Grand Union Canal
From Graces Guide
Established as a means of linking the Midlands to London for trade as the Oxford Canal Navigation, opened in 1790, was insufficient. An Act was passed and plans were made to tackle the new waterway in three sections; The Grand Union Junction, Napton to Birmingham, and North junction to Trent Lock.
1792 a survey was conducted for a link between Hampton Gay on the Oxford Canal to Islesworth on the Thames.
However, in 1793 the route from Braunston to Bedford on the Thames was favoured and this stretch was called the Grand Junction Canal. It is the longest stretch of the Grand Union Canal. It was completed in 1805 by engineer William Jessop and his assistant James Barnes, not without difficulty as it needed extensive cuttings and locks at Braunston Hill, Blisworth Hill and the Chilterns. Large tunnels were cut at Blisworth and Braunston which were very costly to the project in time and money.
By 1805 trade from Birmingham to London was via Warwick, Braunston and the Grand Junction.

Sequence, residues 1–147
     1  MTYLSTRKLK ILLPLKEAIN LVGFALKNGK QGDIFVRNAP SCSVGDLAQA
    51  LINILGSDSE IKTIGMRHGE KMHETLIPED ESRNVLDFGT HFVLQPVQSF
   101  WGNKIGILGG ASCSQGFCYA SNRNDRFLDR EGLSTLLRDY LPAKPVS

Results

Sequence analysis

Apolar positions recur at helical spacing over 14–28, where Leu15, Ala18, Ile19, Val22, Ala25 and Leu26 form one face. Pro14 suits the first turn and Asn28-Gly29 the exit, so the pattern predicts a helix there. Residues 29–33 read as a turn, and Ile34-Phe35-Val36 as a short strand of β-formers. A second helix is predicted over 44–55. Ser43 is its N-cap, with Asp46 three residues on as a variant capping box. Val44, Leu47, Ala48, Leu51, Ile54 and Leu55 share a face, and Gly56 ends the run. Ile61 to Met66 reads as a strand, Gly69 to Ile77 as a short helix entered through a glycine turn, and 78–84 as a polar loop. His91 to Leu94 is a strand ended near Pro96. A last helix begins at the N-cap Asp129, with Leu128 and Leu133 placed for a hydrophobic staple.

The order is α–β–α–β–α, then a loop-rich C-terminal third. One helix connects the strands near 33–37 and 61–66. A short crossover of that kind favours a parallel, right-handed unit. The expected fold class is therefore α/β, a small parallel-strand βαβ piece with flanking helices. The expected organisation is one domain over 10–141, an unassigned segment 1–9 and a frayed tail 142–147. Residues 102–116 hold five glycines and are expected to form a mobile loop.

1806 The aqueduct at Wolverton (Cosgrove Aqueduct) burst its banks during a storm and flooded the valley. Then two years later it collapsed completely. It was initially replaced with a wooden trunk, then by the heavy iron channel that is there today.
The Grand Junction Canal section had eight branches, the last being that of Slough in 1883.
The section of the main line between Brentford and Braunston (Grand Junction Canal), was built as a 'wide' or 'broad' canal - that is, its locks were wide enough to accommodate two narrowboats abreast (side by side) or a single wide barge up to 14 feet (4.27 m) in beam .
The onward sections from Braunston to Birmingham had been built as 'narrow' canals.
1931 an Act was passed to widen and deepen the necessary sections.
The third section from Norton Junction to Trent Lock is 67 miles. The oldest part of this line is the Loughborough Navigation, which was opened in 1778.
Sources of Information
- British Waterways Grand Union Canal part1
-  Wikipedia